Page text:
Peter Kafka

Recent Posts by Peter Kafka

Back to the Future! NBC's Ignore-the-Web Ad Pitch

At the annual “upfront” presentations this week, the broadcast networks try to sell advertisers the shows they’ll air next fall, using splashy presentations and cocktails.

Depending on the year and the network, you’ll also hear some lip service paid to digital. Yesterday, for instance, Fox played up its popularity on Facebook. (Both Fox and this Web site are owned by News Corp.)

But these events really aren’t the place to be if you’re trying to reach Web eyeballs: The TV ad guys are paid to sell TV ads, and they’re happy to explain why TV is the best place to spend your money.

Here’s how NBC chairman Ted Harbert put it yesterday, during his network’s pitch. Technology is great, he said. But!

What we really need to focus on is a lot more of the back-breaking blocking and tackling that brings great stories and great characters to television–or what I call now–the “big screen”…

Of course we have to embrace change. We know that consumers are looking for content any place they can get it.

And I’m no different from anyone else. I love catching up on episodes of “Parenthood” on nbc.com. The xfinity app actually works. And like you, I like all devices that begin with the letter “i.” And I’d be lost without my laptop.

But please remember: The best and most popular, most salable content starts here.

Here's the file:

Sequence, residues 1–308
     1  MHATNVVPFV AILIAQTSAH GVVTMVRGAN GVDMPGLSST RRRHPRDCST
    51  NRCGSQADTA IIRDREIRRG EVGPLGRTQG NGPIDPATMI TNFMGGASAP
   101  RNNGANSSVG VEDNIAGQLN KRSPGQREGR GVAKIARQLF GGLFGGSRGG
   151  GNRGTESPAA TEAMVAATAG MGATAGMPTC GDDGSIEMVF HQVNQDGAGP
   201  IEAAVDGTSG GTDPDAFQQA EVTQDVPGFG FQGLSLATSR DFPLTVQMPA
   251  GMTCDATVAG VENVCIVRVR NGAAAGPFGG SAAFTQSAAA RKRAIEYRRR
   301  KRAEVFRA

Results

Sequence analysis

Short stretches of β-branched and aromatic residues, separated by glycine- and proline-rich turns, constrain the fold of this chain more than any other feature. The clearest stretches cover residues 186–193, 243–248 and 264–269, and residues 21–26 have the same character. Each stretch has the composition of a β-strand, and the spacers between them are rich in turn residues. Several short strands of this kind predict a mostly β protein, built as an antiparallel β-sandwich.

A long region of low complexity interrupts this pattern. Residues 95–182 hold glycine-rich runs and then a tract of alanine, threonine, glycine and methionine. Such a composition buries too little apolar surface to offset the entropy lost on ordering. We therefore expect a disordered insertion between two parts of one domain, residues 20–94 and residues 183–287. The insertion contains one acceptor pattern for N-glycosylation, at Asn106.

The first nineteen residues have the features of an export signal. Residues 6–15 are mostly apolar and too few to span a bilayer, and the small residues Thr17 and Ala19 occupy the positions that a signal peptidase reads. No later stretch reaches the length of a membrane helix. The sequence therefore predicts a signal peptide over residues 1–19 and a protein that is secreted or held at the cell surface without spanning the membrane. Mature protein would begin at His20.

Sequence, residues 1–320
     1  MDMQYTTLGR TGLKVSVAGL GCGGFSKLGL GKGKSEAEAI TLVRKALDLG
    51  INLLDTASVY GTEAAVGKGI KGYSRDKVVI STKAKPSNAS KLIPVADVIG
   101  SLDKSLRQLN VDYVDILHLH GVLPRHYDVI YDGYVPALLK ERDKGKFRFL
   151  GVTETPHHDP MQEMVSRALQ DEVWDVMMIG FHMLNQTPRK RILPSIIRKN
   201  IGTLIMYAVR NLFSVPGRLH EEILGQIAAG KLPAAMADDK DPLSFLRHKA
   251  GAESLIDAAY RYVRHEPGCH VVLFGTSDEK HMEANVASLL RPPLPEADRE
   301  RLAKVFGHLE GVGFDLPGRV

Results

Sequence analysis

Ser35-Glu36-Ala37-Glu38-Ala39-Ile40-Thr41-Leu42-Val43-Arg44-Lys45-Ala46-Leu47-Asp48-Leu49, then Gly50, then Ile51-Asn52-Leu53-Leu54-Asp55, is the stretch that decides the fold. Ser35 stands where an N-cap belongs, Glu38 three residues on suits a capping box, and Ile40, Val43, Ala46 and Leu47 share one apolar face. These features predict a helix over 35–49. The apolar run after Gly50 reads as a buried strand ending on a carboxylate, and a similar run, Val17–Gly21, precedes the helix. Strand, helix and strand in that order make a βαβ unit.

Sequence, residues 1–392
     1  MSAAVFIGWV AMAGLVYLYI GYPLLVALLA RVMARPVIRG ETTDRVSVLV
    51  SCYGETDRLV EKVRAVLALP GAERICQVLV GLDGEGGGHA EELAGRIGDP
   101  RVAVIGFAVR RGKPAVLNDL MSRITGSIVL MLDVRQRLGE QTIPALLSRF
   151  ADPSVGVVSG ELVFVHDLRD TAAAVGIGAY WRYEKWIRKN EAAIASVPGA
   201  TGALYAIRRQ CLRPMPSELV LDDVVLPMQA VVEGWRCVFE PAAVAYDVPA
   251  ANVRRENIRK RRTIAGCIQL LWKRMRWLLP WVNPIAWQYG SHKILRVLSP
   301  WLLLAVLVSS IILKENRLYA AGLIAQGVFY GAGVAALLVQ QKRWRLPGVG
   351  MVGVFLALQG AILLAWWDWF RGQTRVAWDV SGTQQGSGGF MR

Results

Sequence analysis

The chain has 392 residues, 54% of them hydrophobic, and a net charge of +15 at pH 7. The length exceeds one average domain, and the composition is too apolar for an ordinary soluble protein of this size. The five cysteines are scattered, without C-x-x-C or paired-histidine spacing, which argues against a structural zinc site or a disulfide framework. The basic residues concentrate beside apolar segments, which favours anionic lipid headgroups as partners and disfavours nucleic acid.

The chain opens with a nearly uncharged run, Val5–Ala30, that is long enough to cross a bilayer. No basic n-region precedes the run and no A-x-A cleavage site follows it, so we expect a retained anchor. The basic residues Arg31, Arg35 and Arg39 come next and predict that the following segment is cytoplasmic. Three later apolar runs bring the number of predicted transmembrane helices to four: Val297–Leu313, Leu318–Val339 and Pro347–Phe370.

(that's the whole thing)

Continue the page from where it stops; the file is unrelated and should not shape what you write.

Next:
Now to put some things in perspective. According to our close friends at Nielsen, each week, people spend almost 38 hours in front of the television set, only 20 minutes a week watching video online, and just four minutes a week watching mobile video.

So until George Jetson shows up and folds his spacecar into a briefcase, the big screen is still the best place to watch video. Whether you’re a 26-year-old media buyer, part of a family of four, or an alpha boomer like me.

If you’re so inclined, it would be easy to listen to Harbert’s pitch and conclude that he’s a dinosaur. But a better word would be “pragmatist”.

Traditional TV may or may not be in the midst of a disruption, but for now it’s a $70 billion business. Web video ads? $1 billion. Until the gap between those numbers closes a bit, Harbert and his new employers at Comcast are going to spend most of their time on the big screen.


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The problem with the Billionaire Savior phase of the newspaper collapse has always been that billionaires don’t tend to like the kind of authority-questioning journalism that upsets the status quo.

— Ryan Chittum, writing in the Columbia Journalism Review about the promise of Pierre Omidyar’s new media venture with Glenn Greenwald